Teenagers face a lot of pressures, from the changes of puberty to questions about who they are and where they fit in. With all these questions, it isn’t always easy to differentiate between depression and normal teenage growing pains.
Teen depression goes beyond moodiness. It’s a serious health problem that impacts every aspect of a teen’s life.
There are multiple reasons why a teenager might become depressed like they can develop feelings of unworthiness and inadequacy over their grades. School performance, social status with peers, sexual orientation, or family life can each have a major effect on how a teen feels.
Fortunately, teen depression is treatable and parents can be a great help. Their support can go a long way toward getting their child get back on track.
Sign and Symptoms of depression in teens
- An irritable, sad, empty or cranky mood and belief that life is meaningless.
- Loss of interest in sports or activities they used to enjoy, withdrawal from friends and family, pervasive trouble in relationships.
- Changes in appetite, significant weight gain or loss.
- Excessive late-night activities, too much or too little sleep, trouble getting up in the morning, often late for school.
- Physical agitation or slowness, pacing back and forth and/or excessive, or repetitive behaviors.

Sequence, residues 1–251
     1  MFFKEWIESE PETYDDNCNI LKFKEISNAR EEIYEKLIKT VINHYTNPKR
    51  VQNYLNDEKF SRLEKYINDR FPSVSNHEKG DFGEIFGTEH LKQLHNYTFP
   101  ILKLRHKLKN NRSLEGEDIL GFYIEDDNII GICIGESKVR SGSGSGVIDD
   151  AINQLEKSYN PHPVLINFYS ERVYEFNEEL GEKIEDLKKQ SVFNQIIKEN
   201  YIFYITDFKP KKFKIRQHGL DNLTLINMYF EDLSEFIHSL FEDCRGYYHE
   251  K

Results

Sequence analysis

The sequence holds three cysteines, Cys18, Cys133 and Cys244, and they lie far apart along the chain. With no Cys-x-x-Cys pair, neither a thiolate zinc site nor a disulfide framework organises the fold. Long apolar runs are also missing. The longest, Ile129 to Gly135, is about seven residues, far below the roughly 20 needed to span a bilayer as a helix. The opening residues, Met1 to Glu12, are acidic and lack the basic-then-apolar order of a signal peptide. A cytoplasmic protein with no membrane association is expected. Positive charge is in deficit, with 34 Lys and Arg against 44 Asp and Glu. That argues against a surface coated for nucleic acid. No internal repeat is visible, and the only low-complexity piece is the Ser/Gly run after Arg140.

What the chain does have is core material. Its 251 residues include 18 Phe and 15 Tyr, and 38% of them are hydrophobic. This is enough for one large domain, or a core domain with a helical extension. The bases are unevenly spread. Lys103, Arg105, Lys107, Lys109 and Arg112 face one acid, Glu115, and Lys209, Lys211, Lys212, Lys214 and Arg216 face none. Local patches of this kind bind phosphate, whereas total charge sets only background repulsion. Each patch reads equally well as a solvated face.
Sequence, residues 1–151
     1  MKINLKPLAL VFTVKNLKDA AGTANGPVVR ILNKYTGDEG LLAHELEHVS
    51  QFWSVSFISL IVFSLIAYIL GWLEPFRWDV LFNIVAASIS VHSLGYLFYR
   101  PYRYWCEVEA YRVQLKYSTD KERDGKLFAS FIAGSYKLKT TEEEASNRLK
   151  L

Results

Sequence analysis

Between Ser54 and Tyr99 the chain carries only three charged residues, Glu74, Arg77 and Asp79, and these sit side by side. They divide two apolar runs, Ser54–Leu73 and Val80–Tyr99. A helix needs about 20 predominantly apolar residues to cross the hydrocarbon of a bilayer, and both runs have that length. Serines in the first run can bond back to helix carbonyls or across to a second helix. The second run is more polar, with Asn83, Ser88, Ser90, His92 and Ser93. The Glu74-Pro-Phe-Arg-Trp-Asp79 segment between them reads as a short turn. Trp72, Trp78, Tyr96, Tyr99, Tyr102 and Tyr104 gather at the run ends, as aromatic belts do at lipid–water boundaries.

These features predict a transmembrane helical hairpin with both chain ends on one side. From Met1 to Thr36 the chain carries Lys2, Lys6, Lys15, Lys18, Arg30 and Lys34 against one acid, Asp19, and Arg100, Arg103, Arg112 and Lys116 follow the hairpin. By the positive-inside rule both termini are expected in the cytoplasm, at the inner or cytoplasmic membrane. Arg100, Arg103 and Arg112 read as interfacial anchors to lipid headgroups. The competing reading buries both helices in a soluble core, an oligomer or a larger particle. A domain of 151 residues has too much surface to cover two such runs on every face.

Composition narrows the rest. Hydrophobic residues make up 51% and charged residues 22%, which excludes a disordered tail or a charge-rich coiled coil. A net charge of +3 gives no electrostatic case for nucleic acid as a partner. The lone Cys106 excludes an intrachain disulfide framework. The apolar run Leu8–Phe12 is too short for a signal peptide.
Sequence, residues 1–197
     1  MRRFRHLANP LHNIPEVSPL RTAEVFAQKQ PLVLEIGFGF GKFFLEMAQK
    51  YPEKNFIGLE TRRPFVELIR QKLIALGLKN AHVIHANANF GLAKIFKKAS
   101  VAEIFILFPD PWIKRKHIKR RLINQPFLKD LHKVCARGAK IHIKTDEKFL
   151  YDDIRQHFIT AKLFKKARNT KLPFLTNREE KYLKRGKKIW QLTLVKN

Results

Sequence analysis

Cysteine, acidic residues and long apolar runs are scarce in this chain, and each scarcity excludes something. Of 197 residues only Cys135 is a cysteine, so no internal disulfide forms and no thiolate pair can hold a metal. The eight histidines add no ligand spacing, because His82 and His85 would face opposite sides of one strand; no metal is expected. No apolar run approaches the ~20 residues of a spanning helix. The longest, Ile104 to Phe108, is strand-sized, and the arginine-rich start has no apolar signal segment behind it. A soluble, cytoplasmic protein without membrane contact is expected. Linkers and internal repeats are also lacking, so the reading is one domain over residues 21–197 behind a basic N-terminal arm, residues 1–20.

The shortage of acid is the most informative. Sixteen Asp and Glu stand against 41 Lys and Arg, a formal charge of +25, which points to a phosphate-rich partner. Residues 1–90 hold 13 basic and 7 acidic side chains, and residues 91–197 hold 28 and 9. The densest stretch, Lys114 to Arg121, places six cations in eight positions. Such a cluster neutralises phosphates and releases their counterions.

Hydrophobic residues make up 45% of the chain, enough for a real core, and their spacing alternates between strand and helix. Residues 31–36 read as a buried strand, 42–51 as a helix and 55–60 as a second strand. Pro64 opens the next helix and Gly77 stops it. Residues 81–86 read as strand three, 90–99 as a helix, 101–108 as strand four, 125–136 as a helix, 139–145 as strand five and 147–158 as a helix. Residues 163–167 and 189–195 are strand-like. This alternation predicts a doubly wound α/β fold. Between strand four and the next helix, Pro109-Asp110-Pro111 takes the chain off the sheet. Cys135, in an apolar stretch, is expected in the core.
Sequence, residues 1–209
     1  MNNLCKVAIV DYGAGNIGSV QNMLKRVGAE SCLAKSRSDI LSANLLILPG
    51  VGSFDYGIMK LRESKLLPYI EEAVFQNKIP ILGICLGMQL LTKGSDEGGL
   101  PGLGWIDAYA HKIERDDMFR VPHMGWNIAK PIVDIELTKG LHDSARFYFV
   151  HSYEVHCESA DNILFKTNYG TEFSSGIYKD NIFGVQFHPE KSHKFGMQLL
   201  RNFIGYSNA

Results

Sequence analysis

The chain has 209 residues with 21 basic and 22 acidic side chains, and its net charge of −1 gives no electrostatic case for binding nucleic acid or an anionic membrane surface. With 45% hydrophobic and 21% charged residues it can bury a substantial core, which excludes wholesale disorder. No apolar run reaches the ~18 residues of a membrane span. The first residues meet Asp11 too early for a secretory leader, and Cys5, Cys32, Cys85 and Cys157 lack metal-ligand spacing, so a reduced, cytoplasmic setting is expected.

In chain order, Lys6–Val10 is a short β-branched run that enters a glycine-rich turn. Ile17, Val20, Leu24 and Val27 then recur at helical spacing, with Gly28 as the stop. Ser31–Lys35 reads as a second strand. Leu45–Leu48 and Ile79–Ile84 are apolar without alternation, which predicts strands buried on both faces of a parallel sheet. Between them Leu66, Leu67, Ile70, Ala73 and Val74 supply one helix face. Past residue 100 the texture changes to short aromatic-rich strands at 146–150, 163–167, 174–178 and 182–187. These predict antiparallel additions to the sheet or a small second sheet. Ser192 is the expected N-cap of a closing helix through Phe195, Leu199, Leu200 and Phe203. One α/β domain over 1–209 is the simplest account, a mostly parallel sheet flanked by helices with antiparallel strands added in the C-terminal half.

- Loss of energy, social withdrawal, withdrawal from usual activities, or boredom.
- Making critical comments about themselves, behavior problems at school or at home, overly sensitive to rejection.
- Poor performance in school, a drop in grades, or frequent absences.
- Frequent complaints of physical pain (headaches, stomach), frequent visits to school nurse.
- Writing about death, giving away favorite belongings, comments like “You’ve be better off without me.”
Depression is very damaging when left untreated, so don’t wait and hope that worrisome symptoms will go away. If you suspect that your child is depressed, bring up your concerns in a loving, non-judgmental way. Even if you’re unsure that depression is the issue, the troublesome behaviors and emotions you’re seeing are signs of a problem that should be addressed.
Keep in mind that a lot of these symptoms are also indicative of normal teenage behavior. That’s why teenage depression can only be diagnosed by a trained health or mental health professional — like a child psychologist or psychiatrist.